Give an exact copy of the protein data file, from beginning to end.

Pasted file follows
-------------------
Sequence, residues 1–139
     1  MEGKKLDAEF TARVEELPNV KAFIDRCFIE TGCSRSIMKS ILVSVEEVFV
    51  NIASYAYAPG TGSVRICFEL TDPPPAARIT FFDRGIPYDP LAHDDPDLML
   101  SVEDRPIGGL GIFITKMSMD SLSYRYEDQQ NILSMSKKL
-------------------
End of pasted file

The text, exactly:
Sequence, residues 1–139
     1  MEGKKLDAEF TARVEELPNV KAFIDRCFIE TGCSRSIMKS ILVSVEEVFV
    51  NIASYAYAPG TGSVRICFEL TDPPPAARIT FFDRGIPYDP LAHDDPDLML
   101  SVEDRPIGGL GIFITKMSMD SLSYRYEDQQ NILSMSKKL